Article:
Romans 8:18 - Manna Fromans Heaven

Rom 8:18 (KJV)  For I reckon that the sufferings of this present time are
not worthy to be compared with the glory which shall be revealed in us.

The entire creation has been affected by man's sin and is subject to decay.
One day, when our redemption is complete, and our bodies, like our spirits,
have been renewed, creation itself will be fully redeemed.
Till then, mortality means suffering. For us, and for nature. We know that
our sufferings are insignificant when compared to the glory that awaits us.
But till then, we can only look ahead, confident and eager, waiting for
Jesus to return. [The 365-Day Devotional Commentary]

In the light of eternity the present is but a brief and transitory period.
"Our light affliction ... is but for a moment." [SDA Commentary]

Compared with the coming glory, all the sufferings of this present life sink
into insignificance. [SDA Commentary]

This future glory is so great that present sufferings are insignificant by
comparison. Also the glory is forever, whereas the suffering is temporary
and light. [Bible Knowledge Commentary]

The anticipation of this future glory should sustain Christians in their
afflictions here below. The sufferings may seem great, but they are "light"
compared with that "eternal weight of glory" which the afflictions are
working out (2 Cor. 4:17). They are for only a moment, but the glory will be
eternal. They will soon pass away, but the glory will never dim or diminish
forever and ever. [SDA Commentary]

He was not able to find words of sufficient force to express the excellency
of that glory, honor, and immortality which believers would receive when
Christ should come. Compared with the scene upon which his mind's eye was
dwelling, all temporal afflictions were but momentary, light afflictions,
unworthy of thought. Viewed in the light of the cross, the things of this
life were vanity and emptiness. The glory that attracted him was
substantial, weighty, durable, beyond the power of language to describe.

In one scale he puts the sufferings of this present time. The sufferings of
the saints are but sufferings of this present time, strike no deeper than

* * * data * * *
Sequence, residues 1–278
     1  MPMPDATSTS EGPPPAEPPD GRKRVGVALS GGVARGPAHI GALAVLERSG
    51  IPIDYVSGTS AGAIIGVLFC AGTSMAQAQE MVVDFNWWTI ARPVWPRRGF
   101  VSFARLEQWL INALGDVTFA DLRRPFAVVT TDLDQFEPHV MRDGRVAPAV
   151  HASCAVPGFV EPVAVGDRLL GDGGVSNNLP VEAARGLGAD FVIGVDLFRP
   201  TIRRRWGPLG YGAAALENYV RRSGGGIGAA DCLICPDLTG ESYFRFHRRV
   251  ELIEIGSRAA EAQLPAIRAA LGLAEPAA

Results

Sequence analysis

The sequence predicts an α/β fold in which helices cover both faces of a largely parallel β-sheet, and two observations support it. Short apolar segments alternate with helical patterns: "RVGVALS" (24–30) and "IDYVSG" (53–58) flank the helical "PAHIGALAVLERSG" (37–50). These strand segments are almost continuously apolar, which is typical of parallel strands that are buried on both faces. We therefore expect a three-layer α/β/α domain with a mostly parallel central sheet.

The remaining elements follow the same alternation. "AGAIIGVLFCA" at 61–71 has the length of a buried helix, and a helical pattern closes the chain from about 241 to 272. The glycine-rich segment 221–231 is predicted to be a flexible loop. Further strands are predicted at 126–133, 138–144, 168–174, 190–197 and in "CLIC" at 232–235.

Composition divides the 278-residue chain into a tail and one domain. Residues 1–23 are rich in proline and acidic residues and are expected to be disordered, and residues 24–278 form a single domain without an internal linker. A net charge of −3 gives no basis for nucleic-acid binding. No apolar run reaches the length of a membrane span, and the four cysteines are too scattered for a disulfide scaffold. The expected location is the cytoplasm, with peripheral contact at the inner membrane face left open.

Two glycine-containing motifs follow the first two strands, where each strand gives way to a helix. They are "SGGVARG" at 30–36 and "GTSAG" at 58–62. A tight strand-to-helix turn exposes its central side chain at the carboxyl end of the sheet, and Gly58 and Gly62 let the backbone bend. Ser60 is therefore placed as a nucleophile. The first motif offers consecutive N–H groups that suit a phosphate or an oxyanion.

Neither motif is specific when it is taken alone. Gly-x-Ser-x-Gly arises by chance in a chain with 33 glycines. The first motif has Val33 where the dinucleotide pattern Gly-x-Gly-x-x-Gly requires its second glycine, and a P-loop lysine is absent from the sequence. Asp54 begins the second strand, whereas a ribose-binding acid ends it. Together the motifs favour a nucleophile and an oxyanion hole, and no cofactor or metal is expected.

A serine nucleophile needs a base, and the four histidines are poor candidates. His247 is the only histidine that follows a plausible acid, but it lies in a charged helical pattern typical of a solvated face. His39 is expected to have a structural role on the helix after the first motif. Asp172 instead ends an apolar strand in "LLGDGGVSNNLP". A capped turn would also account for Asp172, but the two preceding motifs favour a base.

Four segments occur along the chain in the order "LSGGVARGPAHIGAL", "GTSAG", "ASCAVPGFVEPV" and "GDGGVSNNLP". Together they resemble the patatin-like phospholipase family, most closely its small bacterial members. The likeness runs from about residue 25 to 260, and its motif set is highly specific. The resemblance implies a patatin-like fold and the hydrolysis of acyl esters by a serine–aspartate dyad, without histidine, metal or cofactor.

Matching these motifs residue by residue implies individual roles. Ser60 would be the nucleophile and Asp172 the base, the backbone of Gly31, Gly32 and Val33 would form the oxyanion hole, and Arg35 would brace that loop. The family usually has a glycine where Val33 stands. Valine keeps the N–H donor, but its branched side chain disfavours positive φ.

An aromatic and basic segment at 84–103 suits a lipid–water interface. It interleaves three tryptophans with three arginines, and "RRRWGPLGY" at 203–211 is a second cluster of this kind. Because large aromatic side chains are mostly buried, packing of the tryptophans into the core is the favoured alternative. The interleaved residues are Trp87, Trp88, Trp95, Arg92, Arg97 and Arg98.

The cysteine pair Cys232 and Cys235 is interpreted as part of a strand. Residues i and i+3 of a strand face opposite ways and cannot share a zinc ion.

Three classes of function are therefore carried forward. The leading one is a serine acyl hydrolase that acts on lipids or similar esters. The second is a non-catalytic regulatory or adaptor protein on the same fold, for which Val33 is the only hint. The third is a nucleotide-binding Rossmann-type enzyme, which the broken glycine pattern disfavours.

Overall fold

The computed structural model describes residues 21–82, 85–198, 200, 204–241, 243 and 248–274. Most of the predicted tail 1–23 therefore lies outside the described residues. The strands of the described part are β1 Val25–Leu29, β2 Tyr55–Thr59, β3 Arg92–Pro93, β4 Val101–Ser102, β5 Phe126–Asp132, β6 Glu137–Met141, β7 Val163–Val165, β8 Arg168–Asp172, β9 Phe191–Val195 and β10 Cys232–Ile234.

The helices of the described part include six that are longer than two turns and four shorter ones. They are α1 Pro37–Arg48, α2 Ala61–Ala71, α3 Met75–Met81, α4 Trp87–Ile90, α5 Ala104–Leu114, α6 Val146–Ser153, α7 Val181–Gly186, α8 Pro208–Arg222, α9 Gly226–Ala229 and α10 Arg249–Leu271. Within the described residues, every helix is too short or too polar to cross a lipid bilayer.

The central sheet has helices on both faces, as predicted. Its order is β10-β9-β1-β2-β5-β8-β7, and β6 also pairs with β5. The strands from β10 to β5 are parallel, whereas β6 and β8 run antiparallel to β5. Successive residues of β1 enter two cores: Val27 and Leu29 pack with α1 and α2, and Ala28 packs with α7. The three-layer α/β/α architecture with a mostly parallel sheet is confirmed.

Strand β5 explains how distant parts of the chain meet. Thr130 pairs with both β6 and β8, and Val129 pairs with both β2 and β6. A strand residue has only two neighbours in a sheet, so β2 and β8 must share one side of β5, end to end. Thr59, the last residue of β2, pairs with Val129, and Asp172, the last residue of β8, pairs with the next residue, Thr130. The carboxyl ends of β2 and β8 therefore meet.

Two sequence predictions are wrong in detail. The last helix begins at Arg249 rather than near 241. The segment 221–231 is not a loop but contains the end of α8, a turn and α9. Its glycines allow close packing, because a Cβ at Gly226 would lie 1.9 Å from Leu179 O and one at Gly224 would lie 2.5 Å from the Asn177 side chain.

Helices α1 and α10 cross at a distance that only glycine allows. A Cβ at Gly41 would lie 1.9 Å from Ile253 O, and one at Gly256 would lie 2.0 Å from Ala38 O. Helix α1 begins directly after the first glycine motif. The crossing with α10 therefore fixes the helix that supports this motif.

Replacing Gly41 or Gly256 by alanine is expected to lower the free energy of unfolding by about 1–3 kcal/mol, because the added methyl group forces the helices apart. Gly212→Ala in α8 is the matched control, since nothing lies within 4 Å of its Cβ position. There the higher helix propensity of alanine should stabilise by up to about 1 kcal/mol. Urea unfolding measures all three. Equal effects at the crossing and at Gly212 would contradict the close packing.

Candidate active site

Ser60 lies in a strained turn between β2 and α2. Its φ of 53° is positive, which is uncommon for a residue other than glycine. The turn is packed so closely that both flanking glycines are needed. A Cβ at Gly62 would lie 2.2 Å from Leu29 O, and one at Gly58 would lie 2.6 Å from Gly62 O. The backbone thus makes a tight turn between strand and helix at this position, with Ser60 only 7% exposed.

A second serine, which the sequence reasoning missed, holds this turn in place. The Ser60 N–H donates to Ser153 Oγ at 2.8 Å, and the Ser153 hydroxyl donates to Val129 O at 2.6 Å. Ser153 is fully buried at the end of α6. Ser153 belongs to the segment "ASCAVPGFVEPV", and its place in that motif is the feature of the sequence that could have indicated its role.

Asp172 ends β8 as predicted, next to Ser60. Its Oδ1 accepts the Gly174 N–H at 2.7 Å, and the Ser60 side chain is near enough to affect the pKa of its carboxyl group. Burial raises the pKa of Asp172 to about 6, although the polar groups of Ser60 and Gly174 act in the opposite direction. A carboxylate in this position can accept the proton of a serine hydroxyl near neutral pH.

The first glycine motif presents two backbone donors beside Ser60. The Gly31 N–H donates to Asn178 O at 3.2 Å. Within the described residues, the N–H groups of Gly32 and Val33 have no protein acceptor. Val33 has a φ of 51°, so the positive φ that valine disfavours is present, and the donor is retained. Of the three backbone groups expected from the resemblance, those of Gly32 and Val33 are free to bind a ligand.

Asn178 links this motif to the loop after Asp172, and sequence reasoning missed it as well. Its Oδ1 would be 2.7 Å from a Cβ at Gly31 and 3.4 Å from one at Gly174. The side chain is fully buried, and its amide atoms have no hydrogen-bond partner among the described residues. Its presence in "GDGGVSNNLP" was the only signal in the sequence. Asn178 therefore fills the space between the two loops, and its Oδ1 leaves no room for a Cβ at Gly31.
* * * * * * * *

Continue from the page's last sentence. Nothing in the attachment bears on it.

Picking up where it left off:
the things of time, last no longer than the present time <2 Cor. 4:17>,
light affliction, and but for a moment. So that on the sufferings he writes
tekel, weighed in the balance and found light. In the other scale he puts
the glory, and finds that a weight, an exceeding and eternal weight: Glory
that shall be revealed. In our present state we come short, not only in the
enjoyment, but in the knowledge of that glory <1 Cor. 2:9; 1 Jn. 3:2>: it
shall be revealed. It surpasses all that we have yet seen and known: present
vouchsafements are sweet and precious, very precious, very sweet; but there
is something to come, something behind the curtain, that will outshine all.
Shall be revealed in us; not only revealed to us, to be seen, but revealed
in us, to be enjoyed. (Matthew Henry's Commentary)

Sin has been, and is, the guilty cause of all the suffering that exists in
the creation of God. It has brought on the woes of earth; ... As to man, not
a tear has been shed, not a groan has been uttered, not a pang has been
felt, in body or mind, that has not come from sin. This is not all; sin is
to be looked at as it affects the glory of God. Of this how fearfully
regardless are the bulk of mankind! Believers have been brought into a state
of safety; but their comfort consists rather in hope than in enjoyment. From
this hope they cannot be turned by the vain expectation of finding
satisfaction in the things of time and sense. We need patience, our way is